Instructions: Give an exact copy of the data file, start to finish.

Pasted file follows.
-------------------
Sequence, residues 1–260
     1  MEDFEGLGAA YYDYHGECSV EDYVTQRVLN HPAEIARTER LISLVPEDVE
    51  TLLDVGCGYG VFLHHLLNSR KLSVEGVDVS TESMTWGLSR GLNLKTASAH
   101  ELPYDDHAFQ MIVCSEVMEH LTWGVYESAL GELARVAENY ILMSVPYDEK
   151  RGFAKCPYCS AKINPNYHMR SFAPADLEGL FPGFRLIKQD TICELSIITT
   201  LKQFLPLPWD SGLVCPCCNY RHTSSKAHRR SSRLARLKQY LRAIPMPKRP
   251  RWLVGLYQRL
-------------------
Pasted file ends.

Sequence, residues 1–260
     1  MEDFEGLGAA YYDYHGECSV EDYVTQRVLN HPAEIARTER LISLVPEDVE
    51  TLLDVGCGYG VFLHHLLNSR KLSVEGVDVS TESMTWGLSR GLNLKTASAH
   101  ELPYDDHAFQ MIVCSEVMEH LTWGVYESAL GELARVAENY ILMSVPYDEK
   151  RGFAKCPYCS AKINPNYHMR SFAPADLEGL FPGFRLIKQD TICELSIITT
   201  LKQFLPLPWD SGLVCPCCNY RHTSSKAHRR SSRLARLKQY LRAIPMPKRP
   251  RWLVGLYQRL